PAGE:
Budget's foreign-homebuyers tax could bring in $509 million over four years, PBO says

OTTAWA — Parliament's spending watching suggests in a new report that the federal government may not bring in as much new revenue as it expects from a proposed tax on foreign homebuyers.

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The Liberals are proposing a one per cent tax on vacant homes owned by foreign non-residents to cool an overheated housing market across the country.

The government's recent budget estimated the tax would bring in $700 million between 2022 and 2026, once the details are finalized and the tax put in place.

But in a new report, parliamentary budget officer Yves Giroux estimates the government may not get as much as that.

Giroux's office estimates overall revenues over that time at just over $500 million after taking into account how some buyers may respond to the imposition of new tax.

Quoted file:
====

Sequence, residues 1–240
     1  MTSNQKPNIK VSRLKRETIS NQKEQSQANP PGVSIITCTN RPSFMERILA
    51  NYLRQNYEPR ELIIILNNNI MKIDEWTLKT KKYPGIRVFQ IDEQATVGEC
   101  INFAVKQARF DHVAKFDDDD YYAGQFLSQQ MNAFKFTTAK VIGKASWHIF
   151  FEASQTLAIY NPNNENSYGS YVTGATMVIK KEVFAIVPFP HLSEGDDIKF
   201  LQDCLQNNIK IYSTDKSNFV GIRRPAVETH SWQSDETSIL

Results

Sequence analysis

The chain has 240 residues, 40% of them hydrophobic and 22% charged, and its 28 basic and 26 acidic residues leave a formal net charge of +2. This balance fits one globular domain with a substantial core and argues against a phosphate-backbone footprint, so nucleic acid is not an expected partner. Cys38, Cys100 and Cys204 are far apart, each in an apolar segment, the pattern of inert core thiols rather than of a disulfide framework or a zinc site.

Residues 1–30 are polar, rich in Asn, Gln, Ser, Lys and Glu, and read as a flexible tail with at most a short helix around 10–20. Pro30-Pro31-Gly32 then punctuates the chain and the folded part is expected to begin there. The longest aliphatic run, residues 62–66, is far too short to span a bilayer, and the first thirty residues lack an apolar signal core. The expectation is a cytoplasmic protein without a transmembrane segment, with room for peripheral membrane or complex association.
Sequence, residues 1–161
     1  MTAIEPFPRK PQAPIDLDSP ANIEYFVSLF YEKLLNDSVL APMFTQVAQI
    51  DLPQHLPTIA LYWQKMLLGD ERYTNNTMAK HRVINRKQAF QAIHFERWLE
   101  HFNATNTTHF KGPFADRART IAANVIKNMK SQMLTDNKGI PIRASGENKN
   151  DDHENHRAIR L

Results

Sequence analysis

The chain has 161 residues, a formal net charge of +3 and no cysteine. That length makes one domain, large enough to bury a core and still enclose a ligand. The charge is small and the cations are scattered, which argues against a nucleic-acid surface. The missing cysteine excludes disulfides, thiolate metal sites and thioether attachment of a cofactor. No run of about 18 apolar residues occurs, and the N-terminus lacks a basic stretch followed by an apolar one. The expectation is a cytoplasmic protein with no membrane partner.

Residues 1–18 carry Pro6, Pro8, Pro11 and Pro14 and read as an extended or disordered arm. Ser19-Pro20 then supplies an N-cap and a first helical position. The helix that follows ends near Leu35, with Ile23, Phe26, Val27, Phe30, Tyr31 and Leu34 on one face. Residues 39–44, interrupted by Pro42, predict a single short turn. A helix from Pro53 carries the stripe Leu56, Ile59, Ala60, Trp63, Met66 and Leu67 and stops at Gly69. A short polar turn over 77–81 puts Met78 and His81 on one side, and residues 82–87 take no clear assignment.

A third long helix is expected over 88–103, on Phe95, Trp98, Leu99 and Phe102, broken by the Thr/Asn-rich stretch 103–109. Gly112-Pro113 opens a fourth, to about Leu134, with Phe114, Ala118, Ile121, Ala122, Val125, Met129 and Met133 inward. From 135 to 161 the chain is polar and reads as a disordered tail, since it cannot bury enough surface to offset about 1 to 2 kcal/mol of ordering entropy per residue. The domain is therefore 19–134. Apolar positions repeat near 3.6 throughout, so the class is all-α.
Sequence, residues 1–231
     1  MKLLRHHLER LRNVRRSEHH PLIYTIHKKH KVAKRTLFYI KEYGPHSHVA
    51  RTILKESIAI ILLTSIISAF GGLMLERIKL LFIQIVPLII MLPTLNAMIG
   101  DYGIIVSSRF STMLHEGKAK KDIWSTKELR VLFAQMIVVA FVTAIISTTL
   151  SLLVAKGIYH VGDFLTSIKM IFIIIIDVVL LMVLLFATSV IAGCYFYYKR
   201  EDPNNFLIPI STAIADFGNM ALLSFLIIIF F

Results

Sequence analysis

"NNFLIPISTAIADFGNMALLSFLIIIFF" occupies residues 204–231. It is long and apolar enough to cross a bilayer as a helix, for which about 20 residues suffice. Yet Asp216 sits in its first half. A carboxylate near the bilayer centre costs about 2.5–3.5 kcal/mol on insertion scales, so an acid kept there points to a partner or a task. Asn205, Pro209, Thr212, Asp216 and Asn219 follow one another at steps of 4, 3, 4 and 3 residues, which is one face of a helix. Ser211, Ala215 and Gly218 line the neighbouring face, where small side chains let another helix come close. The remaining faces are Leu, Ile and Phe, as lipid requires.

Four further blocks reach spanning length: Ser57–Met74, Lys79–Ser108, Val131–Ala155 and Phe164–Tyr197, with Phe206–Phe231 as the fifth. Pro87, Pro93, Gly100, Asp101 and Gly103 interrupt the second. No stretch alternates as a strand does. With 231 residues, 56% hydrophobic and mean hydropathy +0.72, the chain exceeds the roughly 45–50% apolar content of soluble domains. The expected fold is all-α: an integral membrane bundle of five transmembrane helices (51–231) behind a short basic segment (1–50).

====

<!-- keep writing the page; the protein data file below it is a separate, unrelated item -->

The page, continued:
But he warns that his and the government's estimates could change depending on who has to ultimately pay the tax, and who is exempt, such as Americans with vacation homes in tourist destinations like Whistler, B.C.

Throw into the mix what Giroux calls poor and incomplete information on foreign ownership of residential real estate in Canada and the final numbers could be far different than what he expects.

In a separate report made public Thursday, Giroux's office estimates that a budget proposal to collect federal sales tax on some goods sitting in Amazon warehouses would net the government just over $1.6 billion over the next five years.

The proposal would try to close a loophole for unsold goods foreign-based sellers ship to Canada, then house until they are sold and shipped domestically to local buyers.

GST is collected on the wholesale value of the goods when they come across the border but the federal sales tax isn't always collected by sellers when the goods are sold to consumers.

This report by The Canadian Press was first published May 13, 2021.

The Canadian Press

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